Imagine how it would feel to be treated like a criminal in your own home, just for speaking on the phone… to your relatives.
The situation in Tibet has escalated this week with the shooting of a number of unarmed civilians. Monday's shooting was the largest known shooting of Tibetan civilians since 2008 and is a worrying indication of how the situation is deteriorating.
There have been statements from both the US and UK government this week (amongst others) but words alone without diplomatic action are not enough.
While the shootings understandably dominate thoughts and headlines, it is worth remembering that the oppression and intimidation of Tibetans takes place every day in many, many ways. That is the reality for some Tibetans living under Chinese occupation.
Yesterday I was told the story of one family in Lhasa who had to suffer the ordeal of their home being searched for no apparent reason. They were interrorgated as to the names and whereabouts of everyone who lived in their home.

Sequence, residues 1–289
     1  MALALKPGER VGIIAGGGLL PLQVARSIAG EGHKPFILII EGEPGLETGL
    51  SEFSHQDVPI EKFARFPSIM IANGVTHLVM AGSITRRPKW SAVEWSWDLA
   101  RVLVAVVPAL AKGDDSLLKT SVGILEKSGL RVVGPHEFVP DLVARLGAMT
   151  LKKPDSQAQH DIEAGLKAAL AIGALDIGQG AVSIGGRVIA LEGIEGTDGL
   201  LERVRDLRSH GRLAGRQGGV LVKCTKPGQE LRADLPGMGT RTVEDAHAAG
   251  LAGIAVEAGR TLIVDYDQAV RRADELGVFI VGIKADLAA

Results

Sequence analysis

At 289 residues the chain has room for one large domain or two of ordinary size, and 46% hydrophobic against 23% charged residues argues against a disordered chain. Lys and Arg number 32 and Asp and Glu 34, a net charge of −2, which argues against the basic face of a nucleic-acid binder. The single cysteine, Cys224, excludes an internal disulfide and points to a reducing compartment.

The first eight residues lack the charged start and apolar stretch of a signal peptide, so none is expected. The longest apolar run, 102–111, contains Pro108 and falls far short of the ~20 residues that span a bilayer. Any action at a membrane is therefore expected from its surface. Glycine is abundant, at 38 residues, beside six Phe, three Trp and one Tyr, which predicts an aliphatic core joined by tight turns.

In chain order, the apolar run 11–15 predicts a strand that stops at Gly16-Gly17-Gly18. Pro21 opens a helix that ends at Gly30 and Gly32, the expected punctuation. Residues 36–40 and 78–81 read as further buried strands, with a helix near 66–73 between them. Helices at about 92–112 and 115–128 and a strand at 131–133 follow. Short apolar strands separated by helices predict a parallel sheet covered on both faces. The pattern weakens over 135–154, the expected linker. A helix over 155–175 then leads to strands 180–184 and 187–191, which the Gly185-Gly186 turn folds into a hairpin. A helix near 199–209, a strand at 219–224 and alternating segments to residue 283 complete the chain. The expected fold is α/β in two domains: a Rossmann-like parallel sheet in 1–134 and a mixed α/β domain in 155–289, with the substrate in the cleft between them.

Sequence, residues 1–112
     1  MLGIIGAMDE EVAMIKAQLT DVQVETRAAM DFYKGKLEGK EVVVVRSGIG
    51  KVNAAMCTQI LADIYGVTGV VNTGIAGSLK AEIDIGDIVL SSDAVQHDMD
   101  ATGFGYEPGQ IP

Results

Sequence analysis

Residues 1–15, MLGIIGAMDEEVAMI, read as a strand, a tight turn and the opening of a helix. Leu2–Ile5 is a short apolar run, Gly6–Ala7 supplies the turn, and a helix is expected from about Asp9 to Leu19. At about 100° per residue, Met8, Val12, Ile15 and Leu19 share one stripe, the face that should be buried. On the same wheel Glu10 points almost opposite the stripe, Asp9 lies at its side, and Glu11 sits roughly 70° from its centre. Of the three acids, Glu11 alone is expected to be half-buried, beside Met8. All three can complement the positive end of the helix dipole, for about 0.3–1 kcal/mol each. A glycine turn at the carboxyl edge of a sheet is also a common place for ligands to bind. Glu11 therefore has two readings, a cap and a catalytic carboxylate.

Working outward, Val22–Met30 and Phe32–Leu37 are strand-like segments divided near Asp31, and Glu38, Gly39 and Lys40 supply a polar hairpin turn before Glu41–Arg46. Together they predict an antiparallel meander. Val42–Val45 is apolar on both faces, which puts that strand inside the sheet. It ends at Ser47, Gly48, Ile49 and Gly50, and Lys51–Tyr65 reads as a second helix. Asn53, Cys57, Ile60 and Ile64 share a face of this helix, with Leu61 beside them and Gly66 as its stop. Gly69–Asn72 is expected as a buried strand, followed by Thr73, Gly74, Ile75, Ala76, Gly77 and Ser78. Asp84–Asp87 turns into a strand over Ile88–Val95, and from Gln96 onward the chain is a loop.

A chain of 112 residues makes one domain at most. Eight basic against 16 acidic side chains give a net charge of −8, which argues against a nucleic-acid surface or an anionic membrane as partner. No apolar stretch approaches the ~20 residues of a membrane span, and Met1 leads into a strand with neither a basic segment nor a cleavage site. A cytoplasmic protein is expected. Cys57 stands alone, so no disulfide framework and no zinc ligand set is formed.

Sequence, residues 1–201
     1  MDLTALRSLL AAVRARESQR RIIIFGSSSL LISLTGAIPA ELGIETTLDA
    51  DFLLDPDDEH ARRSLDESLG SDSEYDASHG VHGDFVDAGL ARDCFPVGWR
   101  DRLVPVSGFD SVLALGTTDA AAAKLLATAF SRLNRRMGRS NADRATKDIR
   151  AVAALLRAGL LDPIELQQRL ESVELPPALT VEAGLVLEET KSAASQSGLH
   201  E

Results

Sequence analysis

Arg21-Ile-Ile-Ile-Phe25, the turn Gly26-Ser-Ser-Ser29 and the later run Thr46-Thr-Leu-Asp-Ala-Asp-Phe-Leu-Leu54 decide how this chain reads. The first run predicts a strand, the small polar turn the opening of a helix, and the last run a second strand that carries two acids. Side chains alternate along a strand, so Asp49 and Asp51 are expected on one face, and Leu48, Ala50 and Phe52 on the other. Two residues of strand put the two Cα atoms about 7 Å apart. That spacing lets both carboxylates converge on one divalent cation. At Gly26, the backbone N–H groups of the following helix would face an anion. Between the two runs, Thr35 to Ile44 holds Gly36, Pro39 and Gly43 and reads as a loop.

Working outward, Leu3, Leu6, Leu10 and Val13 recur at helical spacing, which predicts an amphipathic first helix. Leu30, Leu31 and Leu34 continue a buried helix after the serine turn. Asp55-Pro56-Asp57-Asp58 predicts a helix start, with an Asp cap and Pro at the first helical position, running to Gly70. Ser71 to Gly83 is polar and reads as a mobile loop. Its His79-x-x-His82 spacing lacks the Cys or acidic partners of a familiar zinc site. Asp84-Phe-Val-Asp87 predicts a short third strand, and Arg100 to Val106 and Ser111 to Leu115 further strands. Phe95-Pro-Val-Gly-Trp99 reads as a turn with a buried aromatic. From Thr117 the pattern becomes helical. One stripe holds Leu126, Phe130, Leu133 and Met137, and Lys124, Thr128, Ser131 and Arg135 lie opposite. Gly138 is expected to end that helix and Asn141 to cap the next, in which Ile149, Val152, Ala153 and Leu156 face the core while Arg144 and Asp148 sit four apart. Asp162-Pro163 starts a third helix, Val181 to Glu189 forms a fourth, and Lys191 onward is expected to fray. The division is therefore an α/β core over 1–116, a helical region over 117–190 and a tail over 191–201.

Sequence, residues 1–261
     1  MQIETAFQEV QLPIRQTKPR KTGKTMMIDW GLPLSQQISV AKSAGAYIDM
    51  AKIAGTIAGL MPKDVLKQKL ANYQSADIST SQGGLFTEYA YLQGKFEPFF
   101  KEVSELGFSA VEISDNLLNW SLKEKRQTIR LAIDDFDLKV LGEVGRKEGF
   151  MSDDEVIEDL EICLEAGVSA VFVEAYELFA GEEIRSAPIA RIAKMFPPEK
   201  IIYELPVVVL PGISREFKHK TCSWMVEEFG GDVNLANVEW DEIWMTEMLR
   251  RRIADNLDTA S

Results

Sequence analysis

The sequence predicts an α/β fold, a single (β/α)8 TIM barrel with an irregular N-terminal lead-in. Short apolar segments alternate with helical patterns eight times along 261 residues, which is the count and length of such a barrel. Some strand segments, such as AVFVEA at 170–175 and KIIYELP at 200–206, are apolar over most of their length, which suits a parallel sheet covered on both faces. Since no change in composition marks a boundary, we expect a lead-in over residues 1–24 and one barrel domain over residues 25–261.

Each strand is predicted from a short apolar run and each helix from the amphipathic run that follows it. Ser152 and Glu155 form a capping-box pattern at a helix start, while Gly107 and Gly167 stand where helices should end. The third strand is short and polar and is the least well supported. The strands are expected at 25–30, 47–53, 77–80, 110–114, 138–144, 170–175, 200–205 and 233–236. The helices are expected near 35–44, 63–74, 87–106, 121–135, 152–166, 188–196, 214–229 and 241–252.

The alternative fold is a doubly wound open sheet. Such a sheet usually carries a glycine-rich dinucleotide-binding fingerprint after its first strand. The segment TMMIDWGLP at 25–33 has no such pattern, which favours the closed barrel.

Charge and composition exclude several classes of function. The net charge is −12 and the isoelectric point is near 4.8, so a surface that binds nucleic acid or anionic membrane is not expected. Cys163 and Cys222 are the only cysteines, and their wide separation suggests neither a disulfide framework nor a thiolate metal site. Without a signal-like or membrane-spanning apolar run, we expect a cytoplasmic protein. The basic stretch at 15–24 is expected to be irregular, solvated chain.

This must have been terrifying for the family involved.
The authorities searching the house were at pains to point out that they knew that the family had relatives living overseas who they spoke to on the phone. The family were given a sinister reminder not to talk about so-called 'politics' during these conversations.
The implication being 'we are always listening and we will know'.
China is trying to stop Tibetans speaking out. It is trying to stop the sharing of information.
One Tibetan in Lhasa said online this week: “I dare not look around in a casual manner. I dare not move around freely. Armed personnel are everywhere and police are on every corner.”